Real Property Operations is forcing the RCAF and NORAD to conduct snowbank operations in Arctic conditions without any security for the airplanes.
In October, 2021, a lieutenant colonel in Real Property Operations ordered his staff to develop a new contract for ILS. They refused. Why?
Real Property Operations gave away NORAD's strategic fuel supply of approximately 270,000 litres on the Inuvik FOL, the forward operating location, and had four 75,000-litre tanks destroyed. Fuel availability throughout the Arctic is and remains critical to all RCAF and NORAD operations.
On June 11, 2021, a NORAD general and a Canadian general asked me about the state of contract negotiations between Real Property Operations and myself. When I replied that there were none, there was puzzlement and betrayal. NORAD made their needs known. Real Property Operations and Canada have ignored them and our common defence.
Real Property Operations started this attempt to destroy ILS in 2015. They have persisted ever since, but at what expense to our country and harm to our relationships with our allies, including NORAD and NATO?
We appear to be at a state of overlapping, cascading failures, where a decision has ramifications several times removed. By that, I mean that Canada's termination of ILS is an infrastructure retreat that impacts NORAD, our defence, and search and rescue. Each of these has further ramifications. Unaccountable bureaucratic decisions have impacted air-to-air refuelling, search and rescue, and fuel, each with downstream effects. We can remedy this.
Thank you, Mr. Chair.
First of all, thank you both for being here, with Mr. Davis in the room and Mr. Klapatiuk.
My first question is posed to Mr. Klapatiuk.
From a defence perspective, I understand the infrastructure in the north is in dire condition. I certainly haven't been there, but I've been reading a tremendous amount. If we don't maintain our sovereignty, which is maintained by presence, then what do we do?
With regard to the cancellation of particular contracts, how does this undermine our national security? What's the issue? Is it ideology?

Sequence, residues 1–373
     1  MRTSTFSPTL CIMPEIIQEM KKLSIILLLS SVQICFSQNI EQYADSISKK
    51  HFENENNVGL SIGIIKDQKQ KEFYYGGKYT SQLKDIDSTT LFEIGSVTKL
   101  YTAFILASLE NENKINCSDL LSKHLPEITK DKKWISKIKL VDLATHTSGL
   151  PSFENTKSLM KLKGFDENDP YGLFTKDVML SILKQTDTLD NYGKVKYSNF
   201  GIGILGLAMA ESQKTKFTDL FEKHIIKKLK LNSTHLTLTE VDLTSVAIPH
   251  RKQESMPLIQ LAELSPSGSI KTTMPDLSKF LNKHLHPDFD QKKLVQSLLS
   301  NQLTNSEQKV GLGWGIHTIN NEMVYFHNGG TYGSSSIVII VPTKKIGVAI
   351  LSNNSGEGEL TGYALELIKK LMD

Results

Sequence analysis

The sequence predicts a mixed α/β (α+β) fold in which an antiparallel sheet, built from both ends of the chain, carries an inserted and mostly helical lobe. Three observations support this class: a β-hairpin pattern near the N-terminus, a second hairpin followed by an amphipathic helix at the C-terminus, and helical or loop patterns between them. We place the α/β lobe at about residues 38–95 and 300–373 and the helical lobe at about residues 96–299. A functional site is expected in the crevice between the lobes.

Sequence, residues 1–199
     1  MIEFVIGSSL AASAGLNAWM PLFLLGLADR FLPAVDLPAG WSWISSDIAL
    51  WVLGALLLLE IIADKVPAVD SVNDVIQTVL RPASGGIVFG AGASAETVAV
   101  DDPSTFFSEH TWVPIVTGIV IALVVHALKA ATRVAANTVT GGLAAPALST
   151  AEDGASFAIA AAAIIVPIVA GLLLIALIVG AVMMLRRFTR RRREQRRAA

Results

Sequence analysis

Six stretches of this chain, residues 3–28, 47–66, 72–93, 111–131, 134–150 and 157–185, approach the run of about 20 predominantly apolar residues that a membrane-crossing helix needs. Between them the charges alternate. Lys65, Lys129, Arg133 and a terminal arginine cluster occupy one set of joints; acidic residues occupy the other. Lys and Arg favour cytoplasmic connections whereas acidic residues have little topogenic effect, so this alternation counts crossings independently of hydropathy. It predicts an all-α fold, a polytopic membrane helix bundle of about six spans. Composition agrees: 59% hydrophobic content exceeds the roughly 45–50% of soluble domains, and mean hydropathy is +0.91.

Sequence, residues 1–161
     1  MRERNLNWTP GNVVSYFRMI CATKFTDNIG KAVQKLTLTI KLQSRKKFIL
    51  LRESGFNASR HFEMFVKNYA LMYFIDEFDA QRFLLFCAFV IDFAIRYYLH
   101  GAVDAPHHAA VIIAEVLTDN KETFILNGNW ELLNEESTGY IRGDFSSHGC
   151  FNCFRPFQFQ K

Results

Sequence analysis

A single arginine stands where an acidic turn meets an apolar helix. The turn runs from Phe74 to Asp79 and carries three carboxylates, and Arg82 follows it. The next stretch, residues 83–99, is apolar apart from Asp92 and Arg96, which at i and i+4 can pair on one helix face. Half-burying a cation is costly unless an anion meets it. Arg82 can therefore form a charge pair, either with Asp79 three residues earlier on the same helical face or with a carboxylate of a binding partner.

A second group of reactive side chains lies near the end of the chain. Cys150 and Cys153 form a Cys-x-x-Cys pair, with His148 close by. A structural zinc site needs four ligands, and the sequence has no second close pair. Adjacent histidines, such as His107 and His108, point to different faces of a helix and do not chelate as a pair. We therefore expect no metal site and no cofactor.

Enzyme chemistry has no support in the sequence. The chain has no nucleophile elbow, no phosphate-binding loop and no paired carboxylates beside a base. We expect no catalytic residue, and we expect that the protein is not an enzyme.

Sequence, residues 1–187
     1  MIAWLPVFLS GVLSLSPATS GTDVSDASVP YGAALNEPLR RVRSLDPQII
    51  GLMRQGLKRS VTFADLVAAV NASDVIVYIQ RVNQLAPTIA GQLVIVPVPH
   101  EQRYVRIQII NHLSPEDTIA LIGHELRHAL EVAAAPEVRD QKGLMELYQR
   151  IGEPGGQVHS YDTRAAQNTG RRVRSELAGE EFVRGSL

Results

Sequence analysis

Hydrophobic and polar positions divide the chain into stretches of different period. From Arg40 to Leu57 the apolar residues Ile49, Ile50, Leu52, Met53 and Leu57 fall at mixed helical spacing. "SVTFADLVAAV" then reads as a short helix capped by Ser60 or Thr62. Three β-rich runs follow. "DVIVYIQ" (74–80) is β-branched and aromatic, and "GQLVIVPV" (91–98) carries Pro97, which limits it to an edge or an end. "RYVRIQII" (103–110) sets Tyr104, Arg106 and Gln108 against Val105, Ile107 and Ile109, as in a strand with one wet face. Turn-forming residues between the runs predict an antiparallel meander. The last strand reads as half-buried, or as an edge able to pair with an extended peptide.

To be more specific, as you know, Canada has come to a point where critical NORAD infrastructure has to be upgraded. That's going to cost tens of billions and proceed over several decades. What kinds of opportunities do you envision for your company? What specific infrastructure projects can you see benefiting local communities, as well as National Defence?
There's a lot in that question.
Right now we have the Inuvik runways being extended. For the next five years, the new air-to-air refueller cannot land here. It's actually five to eight years. Even if it lands, the future means that there's no hangarage and there's insufficient fuel for this aircraft.
As for what I see happening, I made a proposal to NORAD directly on August 10 of last year. I indicated that they could make a lease with me or a contract, or buy me out completely so that my existing hangar would handle the CC-130 air-to-air refueller. I have sufficient property on the airport already, so we could build a hangar large enough to hold the A330 MRTT and the CC-177, just not at the same time.
We are completely adjacent to the boundary line of the Inuvik FOL. As I said, it is the busiest FOL in Canada. It's the busiest NORAD base. There are opportunities for civilian companies to partner with the Canadian Armed Forces to develop infrastructure.
As for leaving the infrastructure to the government to build, I'll use these examples. The Inuvik runway was first discussed by General St-Amand in 2007, and it's only starting now. The Nanisivik fuel depot for the naval ships was started in 2008 under the Harper government, and it may be ready next year. In Yellowknife, there's apparently a new building going in for the JTFN. It was first discussed in 2004. Now I understand the property's been purchased. I don't know if they've broken ground yet.
Twenty to 25 years hence does not make defence here and now, and that's what we have to be concerned with as well. Future construction is great, but we also have to look at what we are going to do here and now.
I hope I answered your question.